Targeted homology-directed repair in blood stem and progenitor cells with CRISPR nanoformulations

Abstract

Ex vivo CRISPR gene editing in haematopoietic stem and progenitor cells has opened potential treatment modalities for numerous diseases. The current process uses electroporation, sometimes followed by virus transduction. While this complex manipulation has resulted in high levels of gene editing at some genetic loci, cellular toxicity was observed. We have developed a CRISPR nanoformulation based on colloidal gold nanoparticles with a unique loading design capable of cellular entry without the need for electroporation or viruses. This highly monodispersed nanoformulation avoids lysosomal entrapment and localizes to the nucleus in primary human blood progenitors without toxicity. Nanoformulation-mediated gene editing is efficient and sustained with different CRISPR nucleases at multiple loci of therapeutic interest. The engraftment kinetics of nanoformulation-treated primary cells in humanized mice are better relative to those of non-treated cells, with no differences in differentiation. Here we demonstrate non-toxic delivery of the entire CRISPR payload into primary human blood progenitors.

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Fig. 1: Layer-by-layer conjugation of CRISPR components onto AuNPs.
Fig. 2: AuNP/CRISPR can deliver CRISPR components to the nucleus of HSPCs.
Fig. 3: Optimization of HDR conditions and optimal editing dosage.
Fig. 4: AuNP/CRISPR nanoformulations carrying Cpf1 outperform Cas9 in terms of HDR.
Fig. 5: AuNP treatment enhanced HSPC engraftment in neonatal immune-deficient mice.
Fig. 6: Persistent editing levels after engraftment.

Data availability

The data that support the findings of this study are available from the corresponding author upon reasonable request. Sequence data are available for download through the National Center for Biotechnology Information (BioProject ID: PRJNA529681).

Code availability

The bioinformatics pipeline used to analyse sequencing reads is available via GitHub (https://github.com/FredHutch-CGT/FredHutch_CGT_Gene_Edit_1).

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Acknowledgements

We thank the healthy donors who submitted to mobilization and leukapheresis collection. We thank the laboratory of M. Zhang at the University of Washington for access to and use of Nanosizer equipment. We extend a special thanks to H. Crawford for assistance in manuscript preparation, and J. Chen and C. Ironside for excellent support in animal studies. This work was primarily supported by funds to J.E.A. from the Fred Hutch including Development and Evergreen awards, and the Hartwell Foundation. This research was also funded in part through a pilot study award to R.S. from the NIDDK Cooperative Center of Excellence in Hematology grant U54 DK106829. All shared resources used in this study were supported by the NIH/NCI Cancer Center Support Grant P30 CA015704. H.-P.K. is a Markey Molecular Medicine Investigator, the inaugural recipient of the José Carreras/E. Donnall Thomas Endowed Chair for Cancer Research and the Fred Hutch Endowed Chair for Cell and Gene Therapy.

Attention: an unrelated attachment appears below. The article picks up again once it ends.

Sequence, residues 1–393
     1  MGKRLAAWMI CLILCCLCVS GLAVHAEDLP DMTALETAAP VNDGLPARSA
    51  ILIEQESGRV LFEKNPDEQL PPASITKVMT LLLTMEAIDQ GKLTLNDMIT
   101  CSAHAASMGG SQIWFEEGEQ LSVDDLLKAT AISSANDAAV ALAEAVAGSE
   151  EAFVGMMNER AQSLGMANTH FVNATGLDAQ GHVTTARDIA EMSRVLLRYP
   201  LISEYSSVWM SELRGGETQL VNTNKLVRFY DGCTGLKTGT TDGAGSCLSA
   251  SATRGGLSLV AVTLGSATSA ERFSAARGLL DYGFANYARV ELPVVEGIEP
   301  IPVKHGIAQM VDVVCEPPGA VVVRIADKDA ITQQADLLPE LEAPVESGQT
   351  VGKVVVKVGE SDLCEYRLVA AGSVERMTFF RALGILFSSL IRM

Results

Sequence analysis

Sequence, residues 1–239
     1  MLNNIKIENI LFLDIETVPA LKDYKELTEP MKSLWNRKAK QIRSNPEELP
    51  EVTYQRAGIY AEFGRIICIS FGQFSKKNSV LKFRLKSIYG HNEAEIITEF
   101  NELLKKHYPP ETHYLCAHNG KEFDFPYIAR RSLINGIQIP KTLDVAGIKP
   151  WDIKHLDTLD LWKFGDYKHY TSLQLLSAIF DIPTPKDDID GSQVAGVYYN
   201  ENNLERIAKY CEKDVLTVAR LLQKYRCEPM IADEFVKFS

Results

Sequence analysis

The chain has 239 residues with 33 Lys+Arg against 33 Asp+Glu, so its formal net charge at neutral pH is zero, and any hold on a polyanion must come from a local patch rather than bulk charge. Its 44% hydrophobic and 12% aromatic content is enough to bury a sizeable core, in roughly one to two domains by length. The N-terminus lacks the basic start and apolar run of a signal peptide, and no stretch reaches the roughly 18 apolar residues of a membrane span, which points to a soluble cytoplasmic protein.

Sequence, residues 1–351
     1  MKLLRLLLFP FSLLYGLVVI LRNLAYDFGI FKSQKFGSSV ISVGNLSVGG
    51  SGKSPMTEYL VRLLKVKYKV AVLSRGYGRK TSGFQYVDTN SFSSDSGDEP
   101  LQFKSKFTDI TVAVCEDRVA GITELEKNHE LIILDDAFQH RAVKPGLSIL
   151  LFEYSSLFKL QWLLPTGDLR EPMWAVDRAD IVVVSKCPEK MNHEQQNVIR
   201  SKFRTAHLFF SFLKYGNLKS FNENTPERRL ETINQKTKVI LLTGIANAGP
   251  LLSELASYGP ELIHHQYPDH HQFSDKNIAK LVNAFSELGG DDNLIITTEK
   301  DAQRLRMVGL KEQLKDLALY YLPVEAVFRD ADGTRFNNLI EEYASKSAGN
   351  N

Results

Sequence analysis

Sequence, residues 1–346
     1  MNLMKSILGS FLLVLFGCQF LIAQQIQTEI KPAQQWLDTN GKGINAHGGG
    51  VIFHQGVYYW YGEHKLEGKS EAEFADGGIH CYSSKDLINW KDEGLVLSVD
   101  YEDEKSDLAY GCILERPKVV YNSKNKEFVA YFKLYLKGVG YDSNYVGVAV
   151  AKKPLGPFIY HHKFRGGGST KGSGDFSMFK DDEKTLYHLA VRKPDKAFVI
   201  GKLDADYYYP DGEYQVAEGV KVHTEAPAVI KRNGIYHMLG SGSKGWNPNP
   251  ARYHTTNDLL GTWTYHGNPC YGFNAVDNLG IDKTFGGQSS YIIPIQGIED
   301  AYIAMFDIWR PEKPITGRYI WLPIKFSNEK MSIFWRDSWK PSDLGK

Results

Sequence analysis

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R.S. and J.E.A. designed the study. R.S., G.S.-H., J.L.R., K.G.H. and O.H. performed the experiments, and generated data and figures. S.K. isolated primary human CD34+ cells from donor products. R.S. and J.E.A. analysed data. R.S., G.S.-H., S.K., K.G.H., O.H. and J.E.A. reviewed and interpreted data. H.-P.K. funded K.G.H. and O.H, served as the IACUC protocol Principal Investigator and provided the Cas9 protein used in the study. R.S. and J.E.A. funded the study and wrote the manuscript. All authors reviewed and edited the final manuscript.

Corresponding author

Correspondence to Jennifer E. Adair.

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Competing interests

H.-P.K., O.H. and J.E.A. received licensing revenue from Rocket Pharmaceuticals for research unrelated to this manuscript. K.G.H. is employed by and holds equity in Nohla Therapeutics. The other authors declare no competing interests associated with this work. J.E.A. and R.S. are co-inventors on US patent WO2018226762A1 entitled ‘Genomic safe harbors for genetic therapies in human stem cells and engineered nanoparticles to provide targeted genetic therapies.’.

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Shahbazi, R., Sghia-Hughes, G., Reid, J.L. et al. Targeted homology-directed repair in blood stem and progenitor cells with CRISPR nanoformulations. Nat. Mater. 18, 1124–1132 (2019). https://doi.org/10.1038/s41563-019-0385-5

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